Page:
Fixed price plus incentive contracts are another popular form of fixed price contract. The main difference in this model is that the outsourcing organization i.e. the buyer of outsourced products or services includes an incentive or bonus for achieving some metrics important and relevant for the outsourcing organization. These metrics may include performance criteria, such as early completion, delivery that exceeds the scope specified in the contract, etc. Hence, it is mandatory that these metrics are clearly articulated in the contract so both parties understand the terms and conditions.
An FPU contract contains at least the following basic elements, which are negotiated at the outset:
1. Target cost
2. Target profit
3. Price ceiling
4. Profit Adjustment Formula (PAF)

Upon delivery, final costs and contract price are re-negotiated and using the profit adjustment formula. If the total project costs are less than the expected target costs, then the overall profit is greater than the expected target profit. On the other hand, when the total project cost exceeds the expected target cost, the final profit is less than the expected target profit, or may even result in a net loss. If the total project cost exceeds the price ceiling, the service provider absorbs the net difference as loss.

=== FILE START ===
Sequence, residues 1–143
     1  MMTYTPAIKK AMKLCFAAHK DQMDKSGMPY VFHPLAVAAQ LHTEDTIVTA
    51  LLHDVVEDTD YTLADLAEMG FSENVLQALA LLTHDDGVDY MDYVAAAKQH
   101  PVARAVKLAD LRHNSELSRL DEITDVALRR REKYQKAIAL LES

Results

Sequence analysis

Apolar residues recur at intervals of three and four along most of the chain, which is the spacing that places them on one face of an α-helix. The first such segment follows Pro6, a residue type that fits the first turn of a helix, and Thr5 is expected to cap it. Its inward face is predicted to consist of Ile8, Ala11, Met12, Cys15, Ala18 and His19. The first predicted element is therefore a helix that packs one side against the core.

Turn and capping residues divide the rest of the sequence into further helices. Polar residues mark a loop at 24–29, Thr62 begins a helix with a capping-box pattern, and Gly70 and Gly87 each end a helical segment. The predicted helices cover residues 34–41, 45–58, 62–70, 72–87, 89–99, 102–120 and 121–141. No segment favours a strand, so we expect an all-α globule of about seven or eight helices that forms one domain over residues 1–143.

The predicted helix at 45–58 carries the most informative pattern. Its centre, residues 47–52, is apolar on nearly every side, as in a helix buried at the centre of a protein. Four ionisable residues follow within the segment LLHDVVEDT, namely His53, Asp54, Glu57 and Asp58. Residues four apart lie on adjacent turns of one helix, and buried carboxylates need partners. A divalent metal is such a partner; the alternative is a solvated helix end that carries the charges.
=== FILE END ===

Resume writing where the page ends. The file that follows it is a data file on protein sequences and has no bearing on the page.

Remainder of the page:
These contract types are most desirable in cases where it is pertinent for the service provider to assume some cost responsibility. It is also suitable when a target cost, target profit, and Profit Adjustment Formula could be negotiated at the outset.

2.3 FPI Successive Target (FPI ST)

An FPI ST model is similar to an FPI contract in most aspects. However, the only difference between these two models is that the FPI ST contract allows one or more adjustments to the target cost and profit values during the course of project execution. Such a contract is used when FPI contract cannot be used because realistic target costs and profits cannot be negotiated during the project kick-off.

An FPI ST contract adjustment could be done upfront or retroactively, giving rise to two further costing models, namely:

1. An FPI ST model with forward price re-determination consists of two components: